B. 42 U.S.C.A. § 1983 Generally

In order to prevail on a claim under 42 U.S.C.A. § 1983, a plaintiff must establish the violation of a right secured by the Constitution and laws of the United States, and that the violation was committed by a person acting under color of state law. Section 1983 states in pertinent part that

Every person who, under color of any statute, ordinance, regulation, custom, or usage, of any State or Territory or the District of Columbia, subjects, or causes to be subjected, any citizen of the United States or other person within the jurisdiction thereof to the deprivation of any rights, privileges, or immunities secured by the Constitution and laws, shall be liable to the party injured in an action at law, suit in equity, or other proper proceeding for redress, except that in any action brought against a judicial officer for an act or omission taken in such officer's judicial capacity, injunctive relief shall not be granted unless a declaratory decree was violated or declaratory relief was unavailable....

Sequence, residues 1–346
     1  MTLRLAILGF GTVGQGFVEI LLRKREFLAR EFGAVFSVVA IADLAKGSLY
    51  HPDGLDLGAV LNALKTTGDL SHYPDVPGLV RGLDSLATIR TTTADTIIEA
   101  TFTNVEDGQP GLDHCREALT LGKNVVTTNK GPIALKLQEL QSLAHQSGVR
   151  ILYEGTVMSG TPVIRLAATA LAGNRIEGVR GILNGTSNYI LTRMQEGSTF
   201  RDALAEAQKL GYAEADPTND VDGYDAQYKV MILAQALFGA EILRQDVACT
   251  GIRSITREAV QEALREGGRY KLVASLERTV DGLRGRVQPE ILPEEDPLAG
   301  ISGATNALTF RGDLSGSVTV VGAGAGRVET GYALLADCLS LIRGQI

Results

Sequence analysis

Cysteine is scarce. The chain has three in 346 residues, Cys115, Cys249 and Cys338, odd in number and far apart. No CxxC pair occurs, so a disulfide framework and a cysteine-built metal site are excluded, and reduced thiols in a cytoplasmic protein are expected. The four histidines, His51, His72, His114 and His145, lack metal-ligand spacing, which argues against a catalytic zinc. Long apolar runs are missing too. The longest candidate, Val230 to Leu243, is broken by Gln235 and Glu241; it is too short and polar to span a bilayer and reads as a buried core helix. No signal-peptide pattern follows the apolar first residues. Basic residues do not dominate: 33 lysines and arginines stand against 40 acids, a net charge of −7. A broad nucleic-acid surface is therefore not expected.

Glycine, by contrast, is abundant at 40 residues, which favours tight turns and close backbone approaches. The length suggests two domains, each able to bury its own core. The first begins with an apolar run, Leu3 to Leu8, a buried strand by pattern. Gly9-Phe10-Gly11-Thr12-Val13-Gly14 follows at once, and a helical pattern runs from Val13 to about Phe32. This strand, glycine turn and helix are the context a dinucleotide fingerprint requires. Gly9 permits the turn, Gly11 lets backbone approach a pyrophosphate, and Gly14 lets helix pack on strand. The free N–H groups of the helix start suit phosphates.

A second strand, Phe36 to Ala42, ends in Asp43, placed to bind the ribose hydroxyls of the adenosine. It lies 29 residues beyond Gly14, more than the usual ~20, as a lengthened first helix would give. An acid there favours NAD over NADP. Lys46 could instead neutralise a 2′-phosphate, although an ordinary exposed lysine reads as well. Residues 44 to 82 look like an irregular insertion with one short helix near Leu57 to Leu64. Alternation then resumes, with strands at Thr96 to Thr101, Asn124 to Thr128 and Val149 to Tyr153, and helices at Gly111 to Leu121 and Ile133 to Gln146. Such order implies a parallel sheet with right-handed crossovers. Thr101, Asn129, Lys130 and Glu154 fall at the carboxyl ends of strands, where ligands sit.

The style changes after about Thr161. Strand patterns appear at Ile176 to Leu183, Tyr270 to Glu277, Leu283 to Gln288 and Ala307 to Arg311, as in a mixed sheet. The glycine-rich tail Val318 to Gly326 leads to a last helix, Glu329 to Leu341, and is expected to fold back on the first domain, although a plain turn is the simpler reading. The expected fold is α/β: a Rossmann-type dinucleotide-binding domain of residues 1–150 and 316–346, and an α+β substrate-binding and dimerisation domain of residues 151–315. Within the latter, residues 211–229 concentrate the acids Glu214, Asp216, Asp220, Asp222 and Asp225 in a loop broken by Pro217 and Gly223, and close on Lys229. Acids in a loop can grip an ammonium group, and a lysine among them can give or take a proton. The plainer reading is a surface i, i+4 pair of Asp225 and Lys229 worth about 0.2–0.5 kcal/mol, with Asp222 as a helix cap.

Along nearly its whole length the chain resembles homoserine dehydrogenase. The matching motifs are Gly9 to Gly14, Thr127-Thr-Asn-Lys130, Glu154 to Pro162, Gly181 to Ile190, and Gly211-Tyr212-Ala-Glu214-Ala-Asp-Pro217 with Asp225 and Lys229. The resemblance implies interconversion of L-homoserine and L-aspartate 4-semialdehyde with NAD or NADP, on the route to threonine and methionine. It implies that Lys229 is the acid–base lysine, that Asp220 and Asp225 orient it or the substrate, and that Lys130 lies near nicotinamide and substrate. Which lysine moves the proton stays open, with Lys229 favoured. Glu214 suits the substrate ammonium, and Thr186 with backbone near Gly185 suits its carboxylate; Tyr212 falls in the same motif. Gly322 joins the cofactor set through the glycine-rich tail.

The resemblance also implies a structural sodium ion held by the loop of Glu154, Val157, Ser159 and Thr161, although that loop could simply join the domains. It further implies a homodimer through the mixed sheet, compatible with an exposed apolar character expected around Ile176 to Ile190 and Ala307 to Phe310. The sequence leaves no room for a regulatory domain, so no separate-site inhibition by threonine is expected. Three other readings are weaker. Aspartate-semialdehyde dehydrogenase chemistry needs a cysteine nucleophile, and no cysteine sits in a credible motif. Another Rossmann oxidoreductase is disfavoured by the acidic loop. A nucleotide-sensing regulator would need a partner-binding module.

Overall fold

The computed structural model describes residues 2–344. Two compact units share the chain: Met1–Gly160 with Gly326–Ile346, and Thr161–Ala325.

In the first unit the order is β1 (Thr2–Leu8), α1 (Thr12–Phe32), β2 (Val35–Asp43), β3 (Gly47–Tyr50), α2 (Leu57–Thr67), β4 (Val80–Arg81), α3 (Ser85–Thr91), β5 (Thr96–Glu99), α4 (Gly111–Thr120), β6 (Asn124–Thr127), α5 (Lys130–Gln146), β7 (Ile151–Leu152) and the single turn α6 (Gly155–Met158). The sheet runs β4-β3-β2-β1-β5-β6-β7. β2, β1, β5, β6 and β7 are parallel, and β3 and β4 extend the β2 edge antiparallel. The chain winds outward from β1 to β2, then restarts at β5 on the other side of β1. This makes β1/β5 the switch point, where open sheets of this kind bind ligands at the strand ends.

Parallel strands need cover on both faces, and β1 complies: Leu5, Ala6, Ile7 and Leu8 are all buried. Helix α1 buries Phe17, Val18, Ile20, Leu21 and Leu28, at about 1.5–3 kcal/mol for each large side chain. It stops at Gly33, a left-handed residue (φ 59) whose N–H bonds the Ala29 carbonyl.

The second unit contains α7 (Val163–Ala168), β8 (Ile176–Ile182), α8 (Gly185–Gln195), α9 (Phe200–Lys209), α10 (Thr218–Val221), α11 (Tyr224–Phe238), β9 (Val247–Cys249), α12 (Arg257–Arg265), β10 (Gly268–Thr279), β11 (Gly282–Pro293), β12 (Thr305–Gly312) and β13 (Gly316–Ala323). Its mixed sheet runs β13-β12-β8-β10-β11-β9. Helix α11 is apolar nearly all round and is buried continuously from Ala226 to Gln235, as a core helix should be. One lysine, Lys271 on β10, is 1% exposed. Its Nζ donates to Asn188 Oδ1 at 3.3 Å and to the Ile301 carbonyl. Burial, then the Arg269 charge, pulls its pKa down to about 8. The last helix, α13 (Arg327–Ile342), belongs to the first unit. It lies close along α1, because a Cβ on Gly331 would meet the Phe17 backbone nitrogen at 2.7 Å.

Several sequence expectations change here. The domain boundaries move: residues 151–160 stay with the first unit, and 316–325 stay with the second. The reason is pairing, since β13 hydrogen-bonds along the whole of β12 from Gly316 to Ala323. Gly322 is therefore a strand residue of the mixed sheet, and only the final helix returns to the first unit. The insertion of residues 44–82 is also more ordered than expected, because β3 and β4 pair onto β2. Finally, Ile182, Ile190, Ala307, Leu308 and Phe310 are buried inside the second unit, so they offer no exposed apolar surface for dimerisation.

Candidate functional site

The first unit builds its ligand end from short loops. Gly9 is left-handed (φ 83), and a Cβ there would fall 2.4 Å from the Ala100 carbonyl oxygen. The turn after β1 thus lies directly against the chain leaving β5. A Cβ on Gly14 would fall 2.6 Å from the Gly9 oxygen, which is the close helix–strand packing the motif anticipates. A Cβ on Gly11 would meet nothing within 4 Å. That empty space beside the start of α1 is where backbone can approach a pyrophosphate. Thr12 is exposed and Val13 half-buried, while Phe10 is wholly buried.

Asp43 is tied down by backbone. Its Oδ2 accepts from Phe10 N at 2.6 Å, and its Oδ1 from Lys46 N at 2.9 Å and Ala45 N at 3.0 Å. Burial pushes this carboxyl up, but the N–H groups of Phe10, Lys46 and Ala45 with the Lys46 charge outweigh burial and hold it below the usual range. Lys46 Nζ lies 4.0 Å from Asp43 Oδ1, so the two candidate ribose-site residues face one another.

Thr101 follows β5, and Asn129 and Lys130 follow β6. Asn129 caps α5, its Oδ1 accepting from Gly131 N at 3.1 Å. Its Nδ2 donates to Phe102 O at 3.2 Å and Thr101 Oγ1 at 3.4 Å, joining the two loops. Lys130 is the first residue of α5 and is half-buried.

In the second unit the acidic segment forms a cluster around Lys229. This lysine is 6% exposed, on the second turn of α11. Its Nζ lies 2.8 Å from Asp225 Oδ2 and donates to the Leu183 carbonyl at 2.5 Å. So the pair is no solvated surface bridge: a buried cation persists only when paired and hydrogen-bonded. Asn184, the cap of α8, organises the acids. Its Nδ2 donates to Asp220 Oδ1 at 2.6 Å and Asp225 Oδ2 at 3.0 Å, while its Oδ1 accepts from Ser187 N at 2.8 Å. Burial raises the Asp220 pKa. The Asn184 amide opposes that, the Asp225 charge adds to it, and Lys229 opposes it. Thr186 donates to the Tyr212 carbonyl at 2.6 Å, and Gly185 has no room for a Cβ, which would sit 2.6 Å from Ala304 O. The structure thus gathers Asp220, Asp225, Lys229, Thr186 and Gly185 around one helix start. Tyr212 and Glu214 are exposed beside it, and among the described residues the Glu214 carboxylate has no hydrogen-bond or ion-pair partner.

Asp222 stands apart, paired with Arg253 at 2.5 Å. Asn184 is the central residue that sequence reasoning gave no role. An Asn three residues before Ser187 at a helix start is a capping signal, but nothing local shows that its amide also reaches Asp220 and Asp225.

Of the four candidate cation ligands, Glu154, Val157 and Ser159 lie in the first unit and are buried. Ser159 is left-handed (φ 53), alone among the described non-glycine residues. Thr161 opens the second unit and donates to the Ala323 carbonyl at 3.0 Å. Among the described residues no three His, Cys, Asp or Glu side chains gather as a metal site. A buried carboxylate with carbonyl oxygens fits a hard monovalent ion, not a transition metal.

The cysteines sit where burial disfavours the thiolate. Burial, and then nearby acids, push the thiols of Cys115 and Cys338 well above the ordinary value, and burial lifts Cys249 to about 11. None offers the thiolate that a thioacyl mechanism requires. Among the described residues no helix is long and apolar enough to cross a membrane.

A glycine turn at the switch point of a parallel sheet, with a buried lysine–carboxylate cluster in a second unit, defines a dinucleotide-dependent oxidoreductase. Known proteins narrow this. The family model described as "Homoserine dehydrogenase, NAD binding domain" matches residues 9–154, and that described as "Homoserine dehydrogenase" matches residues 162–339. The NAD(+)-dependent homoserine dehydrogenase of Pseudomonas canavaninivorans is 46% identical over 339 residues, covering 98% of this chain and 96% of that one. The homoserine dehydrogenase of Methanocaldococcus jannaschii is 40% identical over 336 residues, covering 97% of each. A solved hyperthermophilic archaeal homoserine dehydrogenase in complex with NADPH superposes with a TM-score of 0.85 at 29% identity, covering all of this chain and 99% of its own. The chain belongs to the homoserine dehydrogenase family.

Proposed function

42 U.S.C.A. § 1983 (West 2007).

In the case at bar, it is undisputed that the defendants were acting under the color of state law.

B. Motion to Dismiss

The function of a motion to dismiss is "merely to assess the legal feasibility of the complaint, not to assay the weight of the evidence which might be offered in support thereof." Ryder Energy Distribution v. Merrill Lynch Commodities, Inc., 748 F.2d 774, 779 (2d Cir. 1984). When deciding a motion to dismiss, the court must accept as true the well pleaded allegations of the complaint. Albright v. Oliver, 510 U.S. 266, 268, 114 S.Ct. 807, 127 L.Ed.2d 114 (1994). In addition, the allegations of the complaint should be construed favorably to the pleader. Scheuer v. Rhodes, 416 U.S. 232, 236, 94 S.Ct 1683, 40 L.Ed.2d 90 (1973). A complaint should not be dismissed unless it appears beyond doubt that the plaintiff can prove no set of facts in support of his claim which would entitle him to relief. Conley v. Gibson, 355 U.S. 41, 45-46, 78 S.Ct. 99, 2 L.Ed.2d 80 (1957).